A powerful group of MPs will today push top civil servants to agree to sweeping reforms of how Government contracts are run by the private sector following headline-grabbing failures at outsourcing giants Serco and G4S.
Margaret Hodge, the Public Accounts Committee chairman, wants to see financial information on all Government contracts revealed under what is known as open-book accounting. The former Labour minister is also demanding that the National Audit Office has full access to contractual and financial details of these deals, which should also be subject to greater public disclosure under Freedom of Information laws.
Stephen Kelly and Bill Crothers, chief operating officer and chief procurement officer respectively at the Cabinet Office, will face the committee this afternoon. They will be joined by top Ministry of Defence civil servants who could be questioned over the semi-privatisation of the £14bn agency that buys tanks and guns. Plans to let the private sector run such a sensitive part of national security have been widely criticised and the process is on the brink of collapse after one of only two bidders pulled out last week.
Government contracts are under scrutiny after outsourcing giant Serco and security group G4S overcharged the taxpayer tens of millions of pounds on a contract to electronically tag criminals. It emerged in the summer that 3,000 offenders they had charged for were living abroad, in custody or dead. G4S admitted last week it had overcharged the taxpayer by £24m for tagging.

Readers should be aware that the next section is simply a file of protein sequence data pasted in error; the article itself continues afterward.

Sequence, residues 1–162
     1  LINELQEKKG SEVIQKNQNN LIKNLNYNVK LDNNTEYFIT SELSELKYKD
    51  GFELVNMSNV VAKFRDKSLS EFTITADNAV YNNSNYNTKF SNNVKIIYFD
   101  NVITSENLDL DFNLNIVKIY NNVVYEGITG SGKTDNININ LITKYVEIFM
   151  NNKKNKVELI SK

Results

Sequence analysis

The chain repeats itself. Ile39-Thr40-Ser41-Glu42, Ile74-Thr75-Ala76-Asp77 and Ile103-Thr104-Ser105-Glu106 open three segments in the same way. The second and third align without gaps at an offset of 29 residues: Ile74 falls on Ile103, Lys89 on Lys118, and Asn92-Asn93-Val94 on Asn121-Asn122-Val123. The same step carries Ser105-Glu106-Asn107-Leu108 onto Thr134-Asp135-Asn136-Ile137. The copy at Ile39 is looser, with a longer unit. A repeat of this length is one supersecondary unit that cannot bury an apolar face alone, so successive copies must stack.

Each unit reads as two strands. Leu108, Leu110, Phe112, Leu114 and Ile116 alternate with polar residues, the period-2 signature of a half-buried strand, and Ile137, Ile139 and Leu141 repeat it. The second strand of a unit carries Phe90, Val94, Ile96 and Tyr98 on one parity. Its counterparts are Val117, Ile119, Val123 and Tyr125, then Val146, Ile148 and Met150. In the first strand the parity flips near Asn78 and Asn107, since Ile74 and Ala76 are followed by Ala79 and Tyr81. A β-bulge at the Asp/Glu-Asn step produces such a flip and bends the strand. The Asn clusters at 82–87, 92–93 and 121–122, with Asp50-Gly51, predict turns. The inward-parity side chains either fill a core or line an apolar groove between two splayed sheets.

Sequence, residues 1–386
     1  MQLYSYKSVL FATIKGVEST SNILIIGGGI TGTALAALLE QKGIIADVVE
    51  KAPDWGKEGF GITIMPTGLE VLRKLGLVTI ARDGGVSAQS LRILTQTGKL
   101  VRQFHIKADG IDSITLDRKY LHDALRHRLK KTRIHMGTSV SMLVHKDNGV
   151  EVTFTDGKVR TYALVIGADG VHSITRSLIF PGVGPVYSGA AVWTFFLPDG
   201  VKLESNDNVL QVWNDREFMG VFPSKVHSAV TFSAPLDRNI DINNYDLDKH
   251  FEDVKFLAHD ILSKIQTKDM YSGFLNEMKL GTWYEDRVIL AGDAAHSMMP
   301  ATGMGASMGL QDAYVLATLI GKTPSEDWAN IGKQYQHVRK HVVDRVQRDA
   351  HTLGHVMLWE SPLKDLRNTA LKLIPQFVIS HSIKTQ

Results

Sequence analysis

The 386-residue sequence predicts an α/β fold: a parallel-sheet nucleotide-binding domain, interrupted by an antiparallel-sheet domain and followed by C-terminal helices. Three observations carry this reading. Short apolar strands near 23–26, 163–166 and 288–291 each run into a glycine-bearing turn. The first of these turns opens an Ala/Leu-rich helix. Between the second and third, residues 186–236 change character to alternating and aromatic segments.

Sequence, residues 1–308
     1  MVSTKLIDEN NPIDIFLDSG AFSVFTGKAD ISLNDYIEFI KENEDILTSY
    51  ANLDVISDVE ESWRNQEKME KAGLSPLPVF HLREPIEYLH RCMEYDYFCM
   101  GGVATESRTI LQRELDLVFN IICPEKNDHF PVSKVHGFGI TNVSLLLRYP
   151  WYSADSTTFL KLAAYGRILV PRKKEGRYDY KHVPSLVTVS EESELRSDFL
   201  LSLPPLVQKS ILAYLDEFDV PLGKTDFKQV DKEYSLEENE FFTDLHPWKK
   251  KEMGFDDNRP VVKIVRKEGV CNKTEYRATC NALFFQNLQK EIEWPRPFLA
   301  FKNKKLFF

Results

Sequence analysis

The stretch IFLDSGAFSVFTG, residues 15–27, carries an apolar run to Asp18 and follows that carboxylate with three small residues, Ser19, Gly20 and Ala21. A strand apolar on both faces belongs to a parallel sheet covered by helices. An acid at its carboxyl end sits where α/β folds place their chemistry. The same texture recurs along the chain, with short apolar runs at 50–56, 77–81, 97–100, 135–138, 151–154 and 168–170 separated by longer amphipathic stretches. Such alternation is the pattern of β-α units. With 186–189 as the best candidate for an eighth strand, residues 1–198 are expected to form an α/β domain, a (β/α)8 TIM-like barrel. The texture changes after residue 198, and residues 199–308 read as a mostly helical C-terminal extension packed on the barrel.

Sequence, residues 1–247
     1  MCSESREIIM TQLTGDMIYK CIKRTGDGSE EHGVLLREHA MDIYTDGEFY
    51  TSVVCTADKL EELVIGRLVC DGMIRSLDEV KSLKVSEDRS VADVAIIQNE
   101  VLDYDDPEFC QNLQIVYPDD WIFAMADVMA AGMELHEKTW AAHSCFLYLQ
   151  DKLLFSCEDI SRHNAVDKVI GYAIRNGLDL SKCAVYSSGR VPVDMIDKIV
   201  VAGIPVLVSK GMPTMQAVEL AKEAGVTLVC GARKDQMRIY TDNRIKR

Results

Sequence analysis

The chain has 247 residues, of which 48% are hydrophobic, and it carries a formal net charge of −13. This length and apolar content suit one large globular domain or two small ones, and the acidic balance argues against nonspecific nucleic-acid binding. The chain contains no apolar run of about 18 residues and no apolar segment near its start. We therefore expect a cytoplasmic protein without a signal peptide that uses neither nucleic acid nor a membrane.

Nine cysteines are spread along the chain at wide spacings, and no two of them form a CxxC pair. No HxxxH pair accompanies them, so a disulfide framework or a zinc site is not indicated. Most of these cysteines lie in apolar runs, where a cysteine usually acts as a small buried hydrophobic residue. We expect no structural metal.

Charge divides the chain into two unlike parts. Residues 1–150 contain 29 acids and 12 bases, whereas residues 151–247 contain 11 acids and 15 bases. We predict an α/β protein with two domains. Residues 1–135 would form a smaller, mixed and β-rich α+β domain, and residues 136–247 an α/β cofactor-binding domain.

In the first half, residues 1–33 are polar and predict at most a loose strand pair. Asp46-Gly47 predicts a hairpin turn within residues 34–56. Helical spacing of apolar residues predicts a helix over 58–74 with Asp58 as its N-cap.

On the same day, the Public Accounts Committee secured agreements from Serco and G4S broadly to back the proposed reforms, concessions it is not thought to have been expecting. Executives at IT provider Atos and Capita, which recently won a contract to manage enquiry lines for the Department for Work and Pensions, also suggested they were relaxed about making Government contracts less obscured from public examination. Those four groups hold Government contracts worth £6.6bn last year. The Capita chief executive Paul Pindar said he had “no problem whatsoever” with open book contracts. Serco chairman Alastair Lyons claimed he would be “completely happy to co-operate with FOI being extended to our own contracts”.
However, these pledges were overshadowed by the G4S chief executive Ashley Almanza apologising for his company’s role in the tagging scandal and Mr Lyons conceding that Serco’s actions had been “ethically wrong”.
The scrutiny facing the outsourcing industry coincides with a period of great management change. Long-serving Mr Pindar announced last week he will leave Capita by the end of February after 22 years as managing director and chief executive. Mr Almanza is still getting to grips with G4S.
He replaced Nick Buckles, whose reputation was damaged following the London Olympics security fiasco, which cost it £70m. Serco is hunting for a new boss after the departure of Christopher Hyman.